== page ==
1/200″ / F8 / iso 100/ 55mm (88mm equiv)
I don’t do it. Nor should you. —
Just kidding. There is nothing wrong with “the selfie.” I’m actually not sure why people disparage it so much. This actually isn’t a new thing, people taking photographs of themselves. People have always done this. Always.
The only reason it’s increased so much is that every new phone camera comes with a front-facing camera. And phone cameras have gotten quite good.
Back to the shot. This photograph is actually a very tight crop of a much larger shot. What’s interesting is how much resolution I’m able to get from this small crop. The original shots out of my camera weigh in at 18 megapixels, while this crop uses only about 30% of those pixels. But that’s still 5.4 megapixels and that’s nothing to sneeze at. Despite all the whinging about the uselessness of high pixel counts, they still can make a difference.
If I had to do it again, I would have used a longer lens, and a shallower depth of field. But we don’t always have time to pick the exact settings on grab-shots like this. Since the subject wasn’t very isolated, I chose to add a small amount of whitish , post-crop vignette around the shot to emphasize the girl.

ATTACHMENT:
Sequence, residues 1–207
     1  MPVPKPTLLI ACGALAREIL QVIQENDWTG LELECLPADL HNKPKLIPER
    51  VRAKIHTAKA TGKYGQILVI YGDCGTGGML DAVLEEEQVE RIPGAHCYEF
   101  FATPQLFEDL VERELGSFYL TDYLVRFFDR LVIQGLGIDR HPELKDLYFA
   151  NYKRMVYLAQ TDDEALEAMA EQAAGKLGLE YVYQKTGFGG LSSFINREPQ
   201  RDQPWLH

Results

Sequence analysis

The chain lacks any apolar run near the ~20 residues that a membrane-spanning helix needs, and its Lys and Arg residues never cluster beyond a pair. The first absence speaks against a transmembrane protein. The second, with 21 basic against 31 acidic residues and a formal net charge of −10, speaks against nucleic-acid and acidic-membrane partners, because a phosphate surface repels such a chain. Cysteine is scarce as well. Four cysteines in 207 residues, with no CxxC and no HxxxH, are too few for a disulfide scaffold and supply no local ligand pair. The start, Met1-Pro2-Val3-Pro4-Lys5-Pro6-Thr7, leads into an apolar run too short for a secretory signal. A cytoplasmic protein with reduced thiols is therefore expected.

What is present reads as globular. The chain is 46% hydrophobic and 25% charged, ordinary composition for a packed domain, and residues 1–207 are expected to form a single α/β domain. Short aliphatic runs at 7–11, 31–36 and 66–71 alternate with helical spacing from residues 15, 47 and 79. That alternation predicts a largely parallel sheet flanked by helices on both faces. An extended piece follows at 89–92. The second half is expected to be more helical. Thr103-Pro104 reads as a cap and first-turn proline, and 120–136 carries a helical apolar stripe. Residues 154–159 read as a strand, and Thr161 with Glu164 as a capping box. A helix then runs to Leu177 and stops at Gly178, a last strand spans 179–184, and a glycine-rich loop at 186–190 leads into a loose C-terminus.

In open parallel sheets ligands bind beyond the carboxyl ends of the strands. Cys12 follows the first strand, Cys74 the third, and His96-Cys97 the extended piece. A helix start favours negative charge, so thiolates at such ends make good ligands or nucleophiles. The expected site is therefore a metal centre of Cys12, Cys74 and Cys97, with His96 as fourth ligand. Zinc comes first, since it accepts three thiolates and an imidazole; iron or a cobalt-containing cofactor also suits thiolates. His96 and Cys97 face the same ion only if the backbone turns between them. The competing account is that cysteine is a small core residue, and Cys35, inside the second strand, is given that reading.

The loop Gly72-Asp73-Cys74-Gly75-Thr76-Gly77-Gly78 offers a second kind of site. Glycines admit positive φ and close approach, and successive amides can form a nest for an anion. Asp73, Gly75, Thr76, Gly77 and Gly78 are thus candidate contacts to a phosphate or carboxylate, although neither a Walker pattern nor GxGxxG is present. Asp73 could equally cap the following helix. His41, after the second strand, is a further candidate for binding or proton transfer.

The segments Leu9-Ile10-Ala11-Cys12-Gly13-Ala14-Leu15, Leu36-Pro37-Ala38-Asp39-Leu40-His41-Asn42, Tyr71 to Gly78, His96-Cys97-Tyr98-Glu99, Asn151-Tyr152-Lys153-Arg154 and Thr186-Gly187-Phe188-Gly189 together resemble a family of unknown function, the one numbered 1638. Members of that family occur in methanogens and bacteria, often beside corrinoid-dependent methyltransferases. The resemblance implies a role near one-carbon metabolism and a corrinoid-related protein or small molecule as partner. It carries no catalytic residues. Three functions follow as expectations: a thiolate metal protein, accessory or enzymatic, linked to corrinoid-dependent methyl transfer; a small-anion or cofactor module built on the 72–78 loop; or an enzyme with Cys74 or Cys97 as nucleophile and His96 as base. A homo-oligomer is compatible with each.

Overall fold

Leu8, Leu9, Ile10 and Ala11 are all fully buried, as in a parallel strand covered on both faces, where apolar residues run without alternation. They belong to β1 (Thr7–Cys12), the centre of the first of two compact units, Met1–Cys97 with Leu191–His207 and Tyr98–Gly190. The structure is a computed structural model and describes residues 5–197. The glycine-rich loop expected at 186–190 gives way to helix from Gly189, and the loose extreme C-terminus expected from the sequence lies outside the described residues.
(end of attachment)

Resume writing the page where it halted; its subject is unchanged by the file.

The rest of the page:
If you are using Lightroom, there are actually two types of vignetting you can play with. The first type is pre-crop vignetting which applies to the entire shot. This is usually used to correct lens issues but it can be used to achieve a post-processing effect. The second type of vignetting is called post-crop, and this type is usually the one we use to achieve special effects. You’ll often see the white version in wedding photography. There are also different settings for the post-crop vignetting, but I’ll leave that discussion for another day.